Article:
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In what circumstances will an issuer have a right to bring a claim in commercial mortgage-backed securities (CMBS) transactions? James Walton, partner at Rosling King, comments on a case which he says will impact upon other professional negligence claims being brought by issuers of CMBS.
Titan Europe 2006–3 plc v Colliers International UK plc (in liquidation)  EWHC 3106,  All ER (D) 07 (Oct)
The defendant valued a commercial property for the claimant which was security for a loan. The tenant of the property became insolvent and the property was in the process of being sold for a price far below the valuation. The claimant brought a claim for professional negligence against the defendant company which went into liquidation in 2012. It sought judgment for €58,400,000, being the difference between the valuation of the property at €135m and what the claimant contended was the true market value at €76.6m. The Commercial Court concluded the true value of the property as at December 2005 was €103m and that the defendant hadtherefore 'negligently' overvalued the property by €32m.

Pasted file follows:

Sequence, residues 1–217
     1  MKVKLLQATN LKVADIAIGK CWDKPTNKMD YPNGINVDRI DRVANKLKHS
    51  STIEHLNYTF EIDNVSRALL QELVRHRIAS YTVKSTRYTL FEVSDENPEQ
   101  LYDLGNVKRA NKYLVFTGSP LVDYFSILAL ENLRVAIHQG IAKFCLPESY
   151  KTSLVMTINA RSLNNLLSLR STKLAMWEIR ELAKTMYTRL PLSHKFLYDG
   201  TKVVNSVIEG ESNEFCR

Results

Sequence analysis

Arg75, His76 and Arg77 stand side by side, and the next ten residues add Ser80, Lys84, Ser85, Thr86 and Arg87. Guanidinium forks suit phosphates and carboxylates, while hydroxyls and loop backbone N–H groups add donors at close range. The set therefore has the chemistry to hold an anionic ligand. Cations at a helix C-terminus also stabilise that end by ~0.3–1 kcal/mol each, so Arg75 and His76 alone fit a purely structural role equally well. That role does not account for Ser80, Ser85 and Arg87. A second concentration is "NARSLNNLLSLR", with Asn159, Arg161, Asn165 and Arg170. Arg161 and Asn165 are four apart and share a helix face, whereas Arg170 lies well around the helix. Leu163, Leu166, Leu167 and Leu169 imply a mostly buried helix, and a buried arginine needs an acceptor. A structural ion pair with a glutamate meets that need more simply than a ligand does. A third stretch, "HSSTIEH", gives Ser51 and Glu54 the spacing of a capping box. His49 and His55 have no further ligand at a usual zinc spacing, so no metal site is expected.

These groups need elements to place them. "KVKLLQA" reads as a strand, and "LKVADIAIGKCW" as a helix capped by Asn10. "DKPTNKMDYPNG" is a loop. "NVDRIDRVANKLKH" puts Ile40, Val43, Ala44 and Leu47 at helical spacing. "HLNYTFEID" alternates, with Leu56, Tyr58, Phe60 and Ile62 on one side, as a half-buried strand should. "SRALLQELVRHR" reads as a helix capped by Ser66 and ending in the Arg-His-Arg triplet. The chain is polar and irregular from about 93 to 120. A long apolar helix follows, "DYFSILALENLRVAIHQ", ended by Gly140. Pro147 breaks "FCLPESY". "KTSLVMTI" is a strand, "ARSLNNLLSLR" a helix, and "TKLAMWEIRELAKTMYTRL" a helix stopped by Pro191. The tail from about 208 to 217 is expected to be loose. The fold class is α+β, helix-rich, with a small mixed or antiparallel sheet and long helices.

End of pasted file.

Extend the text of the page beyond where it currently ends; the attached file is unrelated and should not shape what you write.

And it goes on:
In a CMBS transaction, this is absolutely the usual position. A transaction like the Titan Europe 2006-3 transaction (and many others at around that time) was made up of a multitude of different loans (in some cases with a number of properties securing each loan).
It takes time to originate these loans, pool them all together and then to go out and find investors who would be prepared to invest in the notes that would subsequently be issued. It would be entirely impractical either for:
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